Chris Hamilton (Team DSM) is one of those riders that's usually too busy working for others to get the chance to go for victory himself, so it’s not surprising that the last time he made his way onto the podium for an individual result was back in 2016, when he pulled on the green and gold jersey of the U23 Australian national champion. Now, in his fifth year on the WorldTour, he has found his way back onto those prized steps by taking a second place at one of the biggest races on the calendar.
Stage 12 of the Giro d’Italia – with 3,700 metres of climbing and the second longest of the race at 212 kilometres – was never going to be an easy day in the saddle but it looked like one for the break so instead of putting all the focus on working for the team’s GC contender, Romain Bardet, Hamilton and Nicholas Roche were given a chance to try and hunt down a stage win. It was a chance the 26-year-old Australian was determined to make the most of.
“We thought it would be a good opportunity to go for the breakaway,” Hamilton said in a team statement. “Nico Roche and I were given the green light to do that and after a massive fight I made it in. From then on it was about being as efficient as you could, not laying your cards out too early."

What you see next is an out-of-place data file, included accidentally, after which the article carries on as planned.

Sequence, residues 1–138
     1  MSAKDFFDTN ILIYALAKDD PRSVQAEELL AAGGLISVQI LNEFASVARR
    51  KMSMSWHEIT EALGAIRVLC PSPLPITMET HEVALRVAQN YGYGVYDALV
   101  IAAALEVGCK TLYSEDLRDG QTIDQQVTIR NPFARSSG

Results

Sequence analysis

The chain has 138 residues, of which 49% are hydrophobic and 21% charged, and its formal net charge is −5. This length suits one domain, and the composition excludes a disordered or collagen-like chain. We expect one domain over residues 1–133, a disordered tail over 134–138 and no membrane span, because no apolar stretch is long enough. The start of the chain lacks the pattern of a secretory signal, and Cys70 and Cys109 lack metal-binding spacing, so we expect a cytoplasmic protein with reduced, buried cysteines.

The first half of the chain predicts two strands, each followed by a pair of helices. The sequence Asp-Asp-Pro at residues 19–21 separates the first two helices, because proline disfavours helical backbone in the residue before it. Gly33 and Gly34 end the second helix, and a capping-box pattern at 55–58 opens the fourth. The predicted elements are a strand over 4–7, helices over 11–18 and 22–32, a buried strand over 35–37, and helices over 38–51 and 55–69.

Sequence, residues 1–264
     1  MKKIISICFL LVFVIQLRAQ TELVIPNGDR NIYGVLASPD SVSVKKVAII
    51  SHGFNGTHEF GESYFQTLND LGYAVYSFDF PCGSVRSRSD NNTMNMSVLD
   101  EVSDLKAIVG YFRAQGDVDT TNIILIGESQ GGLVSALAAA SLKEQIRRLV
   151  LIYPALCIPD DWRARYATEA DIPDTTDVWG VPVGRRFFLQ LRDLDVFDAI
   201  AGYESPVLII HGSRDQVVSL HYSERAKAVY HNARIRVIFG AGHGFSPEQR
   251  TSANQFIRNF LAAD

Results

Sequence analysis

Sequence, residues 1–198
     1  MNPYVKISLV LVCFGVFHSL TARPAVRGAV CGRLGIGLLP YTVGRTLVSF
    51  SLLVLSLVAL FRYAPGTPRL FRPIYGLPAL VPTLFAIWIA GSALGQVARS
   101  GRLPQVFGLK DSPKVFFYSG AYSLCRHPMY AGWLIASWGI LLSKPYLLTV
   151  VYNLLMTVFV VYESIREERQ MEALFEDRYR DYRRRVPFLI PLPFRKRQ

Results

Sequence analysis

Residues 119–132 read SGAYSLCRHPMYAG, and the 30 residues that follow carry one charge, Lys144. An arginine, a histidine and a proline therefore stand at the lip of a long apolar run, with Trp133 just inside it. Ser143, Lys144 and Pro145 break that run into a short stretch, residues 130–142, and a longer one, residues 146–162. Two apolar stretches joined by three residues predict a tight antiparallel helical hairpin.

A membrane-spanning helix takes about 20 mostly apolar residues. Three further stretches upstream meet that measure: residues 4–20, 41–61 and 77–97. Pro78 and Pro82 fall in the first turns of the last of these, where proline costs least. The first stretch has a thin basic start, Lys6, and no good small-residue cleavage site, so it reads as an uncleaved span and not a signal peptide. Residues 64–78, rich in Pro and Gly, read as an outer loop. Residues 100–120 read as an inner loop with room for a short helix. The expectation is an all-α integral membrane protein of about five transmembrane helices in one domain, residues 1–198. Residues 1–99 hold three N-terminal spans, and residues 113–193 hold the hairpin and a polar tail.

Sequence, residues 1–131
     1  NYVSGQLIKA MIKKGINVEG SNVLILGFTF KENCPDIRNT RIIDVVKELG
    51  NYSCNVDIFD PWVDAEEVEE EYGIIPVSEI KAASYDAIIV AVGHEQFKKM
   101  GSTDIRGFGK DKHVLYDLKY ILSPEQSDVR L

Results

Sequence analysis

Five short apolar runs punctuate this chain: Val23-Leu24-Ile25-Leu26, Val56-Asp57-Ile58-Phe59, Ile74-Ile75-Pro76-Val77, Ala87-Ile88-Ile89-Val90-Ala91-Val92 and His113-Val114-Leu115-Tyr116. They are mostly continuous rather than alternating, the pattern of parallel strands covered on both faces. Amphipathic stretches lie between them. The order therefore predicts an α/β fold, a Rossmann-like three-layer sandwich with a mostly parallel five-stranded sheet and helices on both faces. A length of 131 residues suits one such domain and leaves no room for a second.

The break started with 16 riders at around 150 kilometres to go, but on the final climb, the Passo del Carnaio, Andrea Vendrame (AG2R Citroën) attacked and was joined by Hamilton, George Bennett (Jumbo-Visma) and Gianluca Brambilla (Trek-Segafredo). The four surged away from the remainders of the break on the top section of the climb and speedy descent afterwards. Then the next selection occurred in the final kilometres when Hamilton and Vendarme attacked and Brambilla and Bennet refused to chase for one another.
“Coming into the final with the four of us fighting for the win was pretty cool,” said Hamilton. “I haven’t had so many chances for myself to go for a stage result so I’m really thankful to the team that I got the chance.”
In the end it came down to a sprint between Vendrame and Hamilton, with the Australian playing the tactics and sitting on the AG2R Citroën riders wheel in the final kilometre, forcing him to lead out. Though even leading out Vendrame’s turn of speed was too powerful and Hamilton came over the line in second place.
“Of course I would have loved to win but second in a Grand Tour, yeah, I can say I’ve been there, you know," said Hamilton. "There’s not much else I could have done and I’m really happy with the day.”
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